For fellow Trekkies, this is a real treat of an article written by Chelsea Zimmerman on LifeNews.com. For the rest of us, it's a reminder of what television once was.
One of my favorite television shows when I was younger was Star Trek: The Next Generation. Lately I’ve been watching some old episodes of the series on Netflix. Recently I was very surprised and impressed with an episode called “Ethics” and the way it dealt with the issue of disability and assisted suicide.
Warning: it’s about to get mighty nerdy up in here.
The episode opens with Lt. Worf getting his spinal cord crushed by a couple of barrels in the cargo bay. As it turns out, there is still no cure for spinal cord injury in the 24th century. Devastated by his diagnosis, Worf asks Comm. Riker to help him perform ritual suicide because, “When a klingon can no longer stand and face his enemies as a warrior, when he becomes a burden to his friends and family, it is time for theHegh’bat. Time for him to die.”
The real heroes of the episode are Riker and Counselor Troi who refuse to let Worf give up on his life. At one point, Riker confronts the wounded Klingon and reminds him of all the people on the ship who consider him a friend and owe him their lives and to think about how they might feel about his dying. But, Troi definitely has the best line of the whole show when she tells Worf, “Maybe it’s time you stop lying here worrying about your honor and started thinking about about someone else. Like your son.”
When an otherwise able-bodied person has suicidal tendencies we consider it a cry for help, a sign that they are not emotionally or psychologically stable. Why does that view change when the suicidal person is sick or disabled?
The experience of a traumatic, life altering injury or disease affects a person mentally and emotionally just has it affects them physically. Your whole world suddenly changes and, as few people can really relate to such an experience, very often you are alone in that world with all its pain and challenges – envying the physical freedom of others (or your pre-injury self) and feeling slightly worthless or at least inadequate by comparison. A great tragedy occurs then when you are further isolated by people who, in misguided compassion, pity you for all that you can’t do or the pain you must endure, and justify your feelings of worthlessness.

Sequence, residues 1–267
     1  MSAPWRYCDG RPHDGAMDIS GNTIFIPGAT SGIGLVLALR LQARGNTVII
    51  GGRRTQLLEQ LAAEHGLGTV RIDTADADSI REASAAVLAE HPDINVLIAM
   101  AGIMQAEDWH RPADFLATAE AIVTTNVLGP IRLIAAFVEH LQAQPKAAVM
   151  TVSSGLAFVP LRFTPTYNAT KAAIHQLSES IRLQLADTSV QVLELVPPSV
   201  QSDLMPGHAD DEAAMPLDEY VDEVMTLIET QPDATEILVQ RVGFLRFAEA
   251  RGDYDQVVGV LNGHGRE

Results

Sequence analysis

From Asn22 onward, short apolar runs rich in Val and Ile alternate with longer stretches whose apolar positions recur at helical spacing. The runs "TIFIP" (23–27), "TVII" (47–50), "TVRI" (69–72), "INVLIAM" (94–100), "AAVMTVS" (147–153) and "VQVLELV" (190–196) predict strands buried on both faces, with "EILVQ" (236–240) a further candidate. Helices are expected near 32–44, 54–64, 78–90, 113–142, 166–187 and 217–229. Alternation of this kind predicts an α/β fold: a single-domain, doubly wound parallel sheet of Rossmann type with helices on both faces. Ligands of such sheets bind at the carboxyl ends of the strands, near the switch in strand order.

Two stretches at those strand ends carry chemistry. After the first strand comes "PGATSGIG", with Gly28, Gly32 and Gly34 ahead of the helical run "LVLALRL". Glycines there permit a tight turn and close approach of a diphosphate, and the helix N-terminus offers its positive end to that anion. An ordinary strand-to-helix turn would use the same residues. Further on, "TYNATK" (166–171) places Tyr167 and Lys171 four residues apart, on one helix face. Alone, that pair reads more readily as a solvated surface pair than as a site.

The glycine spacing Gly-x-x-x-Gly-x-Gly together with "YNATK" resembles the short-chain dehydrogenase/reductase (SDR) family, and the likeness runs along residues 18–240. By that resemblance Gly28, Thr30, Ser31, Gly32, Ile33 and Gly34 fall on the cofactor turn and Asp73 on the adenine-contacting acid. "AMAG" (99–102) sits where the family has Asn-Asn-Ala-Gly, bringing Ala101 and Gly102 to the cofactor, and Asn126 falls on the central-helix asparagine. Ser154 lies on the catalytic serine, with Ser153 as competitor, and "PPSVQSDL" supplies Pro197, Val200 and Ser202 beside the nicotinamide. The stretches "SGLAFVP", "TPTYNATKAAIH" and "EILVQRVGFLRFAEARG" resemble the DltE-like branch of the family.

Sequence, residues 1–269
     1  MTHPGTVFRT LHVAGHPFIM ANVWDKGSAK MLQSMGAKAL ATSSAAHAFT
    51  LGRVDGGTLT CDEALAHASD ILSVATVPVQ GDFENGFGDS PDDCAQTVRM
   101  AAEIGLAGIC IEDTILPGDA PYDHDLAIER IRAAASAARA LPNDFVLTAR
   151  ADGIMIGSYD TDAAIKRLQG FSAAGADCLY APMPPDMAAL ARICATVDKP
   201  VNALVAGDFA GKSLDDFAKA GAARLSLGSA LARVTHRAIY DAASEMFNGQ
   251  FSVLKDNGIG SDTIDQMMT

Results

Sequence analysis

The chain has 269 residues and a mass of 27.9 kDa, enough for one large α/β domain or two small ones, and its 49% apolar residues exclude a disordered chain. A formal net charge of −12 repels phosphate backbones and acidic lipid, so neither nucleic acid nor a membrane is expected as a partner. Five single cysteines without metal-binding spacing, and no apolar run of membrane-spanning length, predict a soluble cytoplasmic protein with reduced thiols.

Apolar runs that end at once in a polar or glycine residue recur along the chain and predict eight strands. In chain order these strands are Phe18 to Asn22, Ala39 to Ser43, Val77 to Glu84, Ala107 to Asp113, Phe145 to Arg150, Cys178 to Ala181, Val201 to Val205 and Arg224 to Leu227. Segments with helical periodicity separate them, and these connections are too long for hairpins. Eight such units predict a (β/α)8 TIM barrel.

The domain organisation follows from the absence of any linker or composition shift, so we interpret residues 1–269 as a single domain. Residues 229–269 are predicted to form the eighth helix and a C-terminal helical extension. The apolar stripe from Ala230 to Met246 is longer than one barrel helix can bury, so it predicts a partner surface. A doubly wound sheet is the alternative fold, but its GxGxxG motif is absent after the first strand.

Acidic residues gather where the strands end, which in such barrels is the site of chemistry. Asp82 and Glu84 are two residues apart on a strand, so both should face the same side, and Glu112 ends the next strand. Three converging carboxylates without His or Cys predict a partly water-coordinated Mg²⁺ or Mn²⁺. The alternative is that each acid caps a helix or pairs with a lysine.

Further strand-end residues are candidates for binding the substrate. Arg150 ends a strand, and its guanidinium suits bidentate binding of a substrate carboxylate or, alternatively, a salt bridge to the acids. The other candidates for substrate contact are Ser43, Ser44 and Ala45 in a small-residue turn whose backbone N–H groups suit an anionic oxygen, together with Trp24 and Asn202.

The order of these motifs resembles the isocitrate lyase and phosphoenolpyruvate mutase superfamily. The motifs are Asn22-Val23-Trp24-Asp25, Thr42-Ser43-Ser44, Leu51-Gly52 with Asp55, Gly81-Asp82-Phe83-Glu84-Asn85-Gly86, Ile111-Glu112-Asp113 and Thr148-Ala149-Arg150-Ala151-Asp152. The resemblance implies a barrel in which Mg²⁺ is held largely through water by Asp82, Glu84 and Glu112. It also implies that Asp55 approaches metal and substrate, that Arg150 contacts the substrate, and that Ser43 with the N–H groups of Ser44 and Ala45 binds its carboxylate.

While some people think that they are doing the loving thing by helping their loved one die, what they’re really doing is affirming the other in their fear and misery. How is that loving? Instead, the sick and disabled who ask for assisted suicide should be encouraged to re”bound” from feeling so hopeless and shown what they still have to live for. As the late, great Fr. Richard Neuhaus beautifully put it: “As long as we are alive, we have all the life there is.” Whether we find ourselves terminally ill, permanently disabled, or facing some other permanent or transitory hardship, there is still some joy to be found amid the struggle. Suicide prevention should not be limited to the able-bodied.
Back aboard the Enterprise. When he’s told by Picard to have some respect for his friend and his Klingon customs, Riker makes another excellent point: “I can respect his beliefs, but he is asking me to take an active part in his committing suicide.” This is the eyeless “I” of assisted suicide; it does not consider the consequences to others. “Death with dignity” is hailed as an exercise in personal autonomy, but the people claiming this “right” do not act alone. They require assistance — a coarsening of some other person’s conscience.
I don’t have the right to ask or demand something that may hurt others. There is a reason why most doctors oppose “physician assisted suicide.” Their job is to heal, not kill. As Dr. Crusher put it, “the first tenant of good medicine is never make the patient any worse.” You can’t get much worse than dead. Now, some will argue that assisted suicide is about alleviating pain, but palliative care in the 21st Century has come so far as to be able to eliminate virtually all physical pain. No, assisted suicide is not about pain control; it’s about the illusion of personal control even over death.
Death is not a right. It is an eventuality that will visit us all. There is nothing dignified about withholding water and food or injecting poison into a person’s bloodstream when they are at their lowest point (or the Klingon custom of taking a knife to your own heart). Death with dignity is not an event; it is the natural result of having lived with dignity.
Finally, I really appreciate how the writers handled the reality of life after a spinal cord injury. More than once it was mentioned that people with SCIs can and do live very “normal”, active post injury lives. It is true and the majority of us with spinal cord injuries (and many other disabilities, for that matter) choose to live with our disability and find that there’s still quite a lot to enjoy about our lives.
That being said, ultimately in the show Worf ended up regaining all of his mobility — through a risky and purely experimental procedure. But, that did lead to a pretty great speech on medical ethics by Dr. Crusher.
This episode of Star Trek was a breath of fresh air to come across after what the entertainment industry has put out portraying this issue in recent years. If you don’t have Netflix, you can watch the episode online for free here.
I wish I could say that this is geekiest post I’ve ever done here, but there is this.